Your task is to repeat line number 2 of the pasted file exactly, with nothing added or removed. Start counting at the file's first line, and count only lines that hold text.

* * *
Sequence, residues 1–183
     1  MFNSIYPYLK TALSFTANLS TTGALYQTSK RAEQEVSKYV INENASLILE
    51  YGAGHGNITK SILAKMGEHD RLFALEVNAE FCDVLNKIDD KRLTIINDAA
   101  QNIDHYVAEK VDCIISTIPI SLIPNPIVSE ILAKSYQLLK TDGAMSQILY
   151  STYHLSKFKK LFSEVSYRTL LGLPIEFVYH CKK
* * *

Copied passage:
     1  MFNSIYPYLK TALSFTANLS TTGALYQTSK RAEQEVSKYV INENASLILE